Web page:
Mika is a beautifully designed mat that can be purchased in many different patterns. It's high-quality, but can be challenging to care for and lug around. While it's on the cheaper side for a mat, we do think there are better on the market.
Mika Mat in all of its beauty.
Ease of Care
The Mika can be challenging to clean. This mat does not have a rubber smell, especially compared to the Lululemon Travel Mat and the Manduka eKO. However, when this mat is drenched in sweat, a fairly strong rubber smell is present. We also found that if you do not diligently wipe down and hang dry Mika overnight, your sweat smell will linger, and it will not dry properly (if you're a sweaty person). Out of all the mats we tested, the Mika took the longest to dry. After a hot, sweaty class, it is crucial to hang dry the mat overnight.
Compared to the other mats we tested, this mat needed the longest amount of time dry. Mika has a microfiber faux-suede top, which is supposed to act as a hot yoga towel, specifically for hot practices. When wet with sweat, it feels similar to a damp towel, and it feels slippery and slimy. Compared to using a mat towel, it's not as easy to throw into a plastic bag at the end of practice. It's best to fold it and immediately hang dry at home.
Mika suggests popping it in the washing machine if it holds on to your stink. We put that advice to the test and found the Mika can indeed withstand the washing machine. However, it accentuates the rubber smell after it comes out.
The Mika Mat before a trip in the washing machine.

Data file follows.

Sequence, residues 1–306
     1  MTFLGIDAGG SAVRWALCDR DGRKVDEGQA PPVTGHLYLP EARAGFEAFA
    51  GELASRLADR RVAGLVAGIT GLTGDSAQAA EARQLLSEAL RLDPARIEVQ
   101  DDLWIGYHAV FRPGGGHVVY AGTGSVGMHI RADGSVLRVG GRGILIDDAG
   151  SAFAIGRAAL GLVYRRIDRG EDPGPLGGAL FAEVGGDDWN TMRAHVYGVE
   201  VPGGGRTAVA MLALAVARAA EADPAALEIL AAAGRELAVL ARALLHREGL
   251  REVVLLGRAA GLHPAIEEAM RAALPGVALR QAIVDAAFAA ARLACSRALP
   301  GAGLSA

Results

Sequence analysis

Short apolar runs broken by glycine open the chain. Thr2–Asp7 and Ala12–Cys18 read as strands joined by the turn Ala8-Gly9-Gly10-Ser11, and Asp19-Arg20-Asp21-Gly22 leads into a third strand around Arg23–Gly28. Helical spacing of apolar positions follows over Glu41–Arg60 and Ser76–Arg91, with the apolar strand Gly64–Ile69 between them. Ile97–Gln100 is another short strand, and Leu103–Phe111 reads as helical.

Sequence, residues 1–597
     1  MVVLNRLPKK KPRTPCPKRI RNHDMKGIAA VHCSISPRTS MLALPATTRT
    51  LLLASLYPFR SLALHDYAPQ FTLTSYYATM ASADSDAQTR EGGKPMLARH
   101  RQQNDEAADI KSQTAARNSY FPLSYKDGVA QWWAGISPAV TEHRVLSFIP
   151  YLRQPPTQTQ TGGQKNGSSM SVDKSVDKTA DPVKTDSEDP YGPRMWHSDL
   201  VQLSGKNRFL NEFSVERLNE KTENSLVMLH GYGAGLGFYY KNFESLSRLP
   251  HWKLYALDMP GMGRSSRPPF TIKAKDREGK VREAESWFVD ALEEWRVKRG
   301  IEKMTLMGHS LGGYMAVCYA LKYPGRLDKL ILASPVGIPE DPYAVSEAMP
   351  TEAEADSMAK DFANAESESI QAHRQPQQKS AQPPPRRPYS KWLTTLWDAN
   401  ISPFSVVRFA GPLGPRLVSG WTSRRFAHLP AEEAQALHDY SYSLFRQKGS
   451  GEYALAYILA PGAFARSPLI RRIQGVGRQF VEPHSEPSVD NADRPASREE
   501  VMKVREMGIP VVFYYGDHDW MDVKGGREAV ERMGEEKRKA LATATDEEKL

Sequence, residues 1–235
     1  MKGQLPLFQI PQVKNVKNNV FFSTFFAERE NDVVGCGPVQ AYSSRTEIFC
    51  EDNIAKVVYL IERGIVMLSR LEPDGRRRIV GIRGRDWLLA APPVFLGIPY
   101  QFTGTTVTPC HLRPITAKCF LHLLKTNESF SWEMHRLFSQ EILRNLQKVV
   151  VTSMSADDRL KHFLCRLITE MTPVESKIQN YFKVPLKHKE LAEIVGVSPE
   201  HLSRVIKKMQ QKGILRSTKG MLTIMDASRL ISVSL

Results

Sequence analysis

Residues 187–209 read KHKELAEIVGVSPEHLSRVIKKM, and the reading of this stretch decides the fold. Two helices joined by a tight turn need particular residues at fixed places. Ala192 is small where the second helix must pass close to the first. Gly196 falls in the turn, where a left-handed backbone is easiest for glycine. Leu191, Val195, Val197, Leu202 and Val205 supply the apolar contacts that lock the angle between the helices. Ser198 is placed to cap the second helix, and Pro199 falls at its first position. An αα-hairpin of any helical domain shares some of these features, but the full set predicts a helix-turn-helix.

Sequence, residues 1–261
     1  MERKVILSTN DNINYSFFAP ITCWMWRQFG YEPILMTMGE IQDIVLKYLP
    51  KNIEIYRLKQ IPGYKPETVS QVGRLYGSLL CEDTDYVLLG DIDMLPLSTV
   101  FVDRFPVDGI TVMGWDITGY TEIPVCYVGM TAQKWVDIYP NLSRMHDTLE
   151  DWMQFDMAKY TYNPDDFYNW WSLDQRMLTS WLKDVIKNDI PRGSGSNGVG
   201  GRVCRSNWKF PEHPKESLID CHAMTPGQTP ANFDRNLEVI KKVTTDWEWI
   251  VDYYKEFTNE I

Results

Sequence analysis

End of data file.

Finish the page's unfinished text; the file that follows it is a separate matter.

Mika prides itself in saying it is a mat/towel combination. Similar to using a yoga mat towel, this mat is slippery when dry. Spreading water on the mat before practice with a water bottle or spray bottle creates more traction for a safer practice. Without any water for an adequate amount of traction, practicing poses that require a lot of pressure on your hands or feet (such as down-dog, side plank, or backbends) become difficult, and even dangerous, if you have any injuries. Because the Mika mat does not have much traction when dry, we would not recommend this mat for a regular practice that is not in a heated studio.
The Mika has a small break-in period; after about a week of use, the mat had slightly more traction.
Mika's website recommends you spray the mat lightly with water before practicing on it. We found this to be necessary, especially if you're heading into a hot yoga class. When the Mika is wet, it has a considerable amount of traction. When some of our sweatier reviewers put this to the test, the mat was once again slippery by the end of practice. If you are a considerably sweaty person, this mat becomes just as slippery as when it is dry.
According to Active.com "an average person sweats between 0.8L and 1.4L an hour." We put that to the test! Gradually we added more and more water and tried down dog, a high-pressure yoga pose, to see when the mat became too slippery to practice on. For a person who sweats about 0.8L per hour, as most people likely do, this mat is perfect, as traction will be maintained throughout the whole practice.